Riegel: The subject of this book appealed to me for a number of reasons. First, having a background in the study of American History, the historical aspect of the story, which touches on Franklin D. Roosevelt and national politics, attracted me. I also became interested in the very different New York City of the Roaring Twenties – Tammany Hall, Mayor Jimmy Walker, its nightclubs, culture and corruption, all of which Crater figured in – that my book tries to portray. Also, as a lawyer practicing in the city, I better understood his successful legal and judicial career and its possible role in his disappearance, and the practice of law and the courts in the 1920s figure prominently in the story. Finally, the unsolved aspect of his disappearance presented a challenge and puzzle that I wanted to try to piece together.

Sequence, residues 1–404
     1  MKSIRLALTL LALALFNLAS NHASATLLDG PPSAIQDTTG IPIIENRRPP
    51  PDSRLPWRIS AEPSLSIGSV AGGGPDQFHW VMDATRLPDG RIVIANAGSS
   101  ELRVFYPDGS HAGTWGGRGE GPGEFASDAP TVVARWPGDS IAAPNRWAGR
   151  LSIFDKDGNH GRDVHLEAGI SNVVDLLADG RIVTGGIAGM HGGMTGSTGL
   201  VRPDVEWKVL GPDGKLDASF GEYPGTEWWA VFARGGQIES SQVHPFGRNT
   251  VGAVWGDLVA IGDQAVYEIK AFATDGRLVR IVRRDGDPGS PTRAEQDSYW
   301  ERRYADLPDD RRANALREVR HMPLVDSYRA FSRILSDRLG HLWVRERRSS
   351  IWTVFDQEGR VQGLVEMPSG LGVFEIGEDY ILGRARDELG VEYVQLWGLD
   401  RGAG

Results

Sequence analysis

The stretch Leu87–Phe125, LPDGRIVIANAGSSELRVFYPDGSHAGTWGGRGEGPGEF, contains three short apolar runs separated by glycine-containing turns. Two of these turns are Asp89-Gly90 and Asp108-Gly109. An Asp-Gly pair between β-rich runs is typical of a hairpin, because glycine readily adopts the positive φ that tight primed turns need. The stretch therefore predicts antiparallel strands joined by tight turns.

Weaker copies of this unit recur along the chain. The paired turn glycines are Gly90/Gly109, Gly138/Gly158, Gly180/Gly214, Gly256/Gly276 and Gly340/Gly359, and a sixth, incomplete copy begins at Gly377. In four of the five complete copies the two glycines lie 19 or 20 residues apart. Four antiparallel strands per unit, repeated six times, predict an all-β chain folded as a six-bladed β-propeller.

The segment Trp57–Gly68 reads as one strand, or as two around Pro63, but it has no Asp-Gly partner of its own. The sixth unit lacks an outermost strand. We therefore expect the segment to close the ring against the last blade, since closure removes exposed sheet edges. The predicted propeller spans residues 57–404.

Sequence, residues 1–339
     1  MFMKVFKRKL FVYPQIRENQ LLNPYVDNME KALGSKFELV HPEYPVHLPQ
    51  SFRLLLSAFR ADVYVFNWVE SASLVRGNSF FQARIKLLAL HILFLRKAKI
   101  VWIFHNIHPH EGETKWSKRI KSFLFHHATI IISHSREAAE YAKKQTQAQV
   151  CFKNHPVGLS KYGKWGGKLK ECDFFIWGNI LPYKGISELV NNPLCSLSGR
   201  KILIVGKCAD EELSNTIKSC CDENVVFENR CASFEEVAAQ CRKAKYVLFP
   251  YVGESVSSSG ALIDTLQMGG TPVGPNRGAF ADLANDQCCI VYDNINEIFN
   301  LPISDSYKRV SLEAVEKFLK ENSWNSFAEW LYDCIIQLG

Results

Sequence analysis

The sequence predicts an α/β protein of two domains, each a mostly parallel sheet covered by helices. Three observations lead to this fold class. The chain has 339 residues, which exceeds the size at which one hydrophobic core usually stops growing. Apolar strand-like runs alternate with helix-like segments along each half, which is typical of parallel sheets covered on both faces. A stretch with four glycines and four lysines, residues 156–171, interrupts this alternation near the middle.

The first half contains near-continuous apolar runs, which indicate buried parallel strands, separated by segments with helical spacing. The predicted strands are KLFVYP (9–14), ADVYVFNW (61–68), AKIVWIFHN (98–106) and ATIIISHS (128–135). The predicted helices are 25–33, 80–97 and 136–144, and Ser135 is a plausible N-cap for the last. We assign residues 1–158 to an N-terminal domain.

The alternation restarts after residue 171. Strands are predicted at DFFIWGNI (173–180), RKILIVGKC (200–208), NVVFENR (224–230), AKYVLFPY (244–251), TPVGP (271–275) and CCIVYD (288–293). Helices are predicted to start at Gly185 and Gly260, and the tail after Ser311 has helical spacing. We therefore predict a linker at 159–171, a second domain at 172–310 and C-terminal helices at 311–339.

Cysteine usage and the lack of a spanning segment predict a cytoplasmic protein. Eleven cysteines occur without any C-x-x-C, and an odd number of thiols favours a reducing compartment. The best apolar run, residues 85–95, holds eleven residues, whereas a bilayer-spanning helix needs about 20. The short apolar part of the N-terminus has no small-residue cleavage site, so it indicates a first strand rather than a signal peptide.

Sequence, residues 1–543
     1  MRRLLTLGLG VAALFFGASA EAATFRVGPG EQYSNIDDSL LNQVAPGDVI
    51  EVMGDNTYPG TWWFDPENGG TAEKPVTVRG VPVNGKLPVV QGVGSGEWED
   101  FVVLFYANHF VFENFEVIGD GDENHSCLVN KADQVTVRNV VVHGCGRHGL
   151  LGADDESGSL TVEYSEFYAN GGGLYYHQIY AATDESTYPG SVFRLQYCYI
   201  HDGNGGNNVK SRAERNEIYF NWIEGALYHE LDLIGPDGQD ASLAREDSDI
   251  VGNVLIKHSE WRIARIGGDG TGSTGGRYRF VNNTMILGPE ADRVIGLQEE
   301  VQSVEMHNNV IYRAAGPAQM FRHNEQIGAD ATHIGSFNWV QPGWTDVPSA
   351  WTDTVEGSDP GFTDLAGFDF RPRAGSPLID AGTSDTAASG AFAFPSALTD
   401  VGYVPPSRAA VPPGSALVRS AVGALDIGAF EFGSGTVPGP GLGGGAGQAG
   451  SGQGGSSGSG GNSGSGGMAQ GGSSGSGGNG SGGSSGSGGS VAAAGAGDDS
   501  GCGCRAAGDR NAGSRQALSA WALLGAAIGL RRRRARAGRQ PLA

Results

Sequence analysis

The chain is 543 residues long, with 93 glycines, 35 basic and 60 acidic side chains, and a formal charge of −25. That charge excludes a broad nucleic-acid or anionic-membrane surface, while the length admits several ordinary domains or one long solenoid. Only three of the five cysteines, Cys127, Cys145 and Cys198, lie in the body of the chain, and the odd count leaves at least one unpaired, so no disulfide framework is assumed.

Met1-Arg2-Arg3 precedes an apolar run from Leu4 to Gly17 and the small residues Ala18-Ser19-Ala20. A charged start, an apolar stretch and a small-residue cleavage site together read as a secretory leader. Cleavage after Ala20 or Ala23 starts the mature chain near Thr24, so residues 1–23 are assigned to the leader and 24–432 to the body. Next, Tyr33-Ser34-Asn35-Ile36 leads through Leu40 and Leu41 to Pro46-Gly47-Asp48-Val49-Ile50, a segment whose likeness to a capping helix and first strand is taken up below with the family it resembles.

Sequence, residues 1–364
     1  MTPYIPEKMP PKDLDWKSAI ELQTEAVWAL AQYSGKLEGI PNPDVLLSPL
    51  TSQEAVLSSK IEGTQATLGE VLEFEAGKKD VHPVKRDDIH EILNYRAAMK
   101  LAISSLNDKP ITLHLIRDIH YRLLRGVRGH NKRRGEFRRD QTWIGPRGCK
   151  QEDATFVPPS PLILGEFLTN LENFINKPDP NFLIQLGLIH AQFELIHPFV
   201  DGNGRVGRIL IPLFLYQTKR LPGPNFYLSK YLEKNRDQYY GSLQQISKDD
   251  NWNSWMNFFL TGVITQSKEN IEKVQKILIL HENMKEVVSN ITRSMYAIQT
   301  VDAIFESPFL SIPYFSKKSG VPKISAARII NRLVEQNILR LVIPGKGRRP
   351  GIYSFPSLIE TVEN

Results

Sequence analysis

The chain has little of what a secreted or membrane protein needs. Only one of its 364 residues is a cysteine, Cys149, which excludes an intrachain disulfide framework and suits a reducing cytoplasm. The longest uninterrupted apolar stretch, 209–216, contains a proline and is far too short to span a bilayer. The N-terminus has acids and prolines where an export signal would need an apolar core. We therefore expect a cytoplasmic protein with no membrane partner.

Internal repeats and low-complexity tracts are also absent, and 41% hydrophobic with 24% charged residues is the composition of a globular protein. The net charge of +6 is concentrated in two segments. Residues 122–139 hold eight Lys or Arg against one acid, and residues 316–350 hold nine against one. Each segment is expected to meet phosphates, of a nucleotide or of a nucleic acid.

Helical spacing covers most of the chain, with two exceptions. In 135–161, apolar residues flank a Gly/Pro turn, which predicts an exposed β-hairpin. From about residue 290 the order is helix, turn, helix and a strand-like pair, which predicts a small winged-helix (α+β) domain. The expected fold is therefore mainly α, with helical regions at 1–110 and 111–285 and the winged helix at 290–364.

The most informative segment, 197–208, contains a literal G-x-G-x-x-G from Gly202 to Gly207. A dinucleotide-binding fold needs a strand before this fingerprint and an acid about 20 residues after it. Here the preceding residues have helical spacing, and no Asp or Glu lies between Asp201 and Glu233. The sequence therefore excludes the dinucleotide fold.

SUP: Were there any other books on Judge Joseph Crater used as research, or is this book the first of its kind?
Riegel: This is the first comprehensive book-length treatment of Crater’s disappearance, so almost all of my research was done in primary sources. Only one other non-fiction account of his case previously has been published; recent attempts to solve the case have been in historical novels.
SUP: Can you describe the research process and difficulty?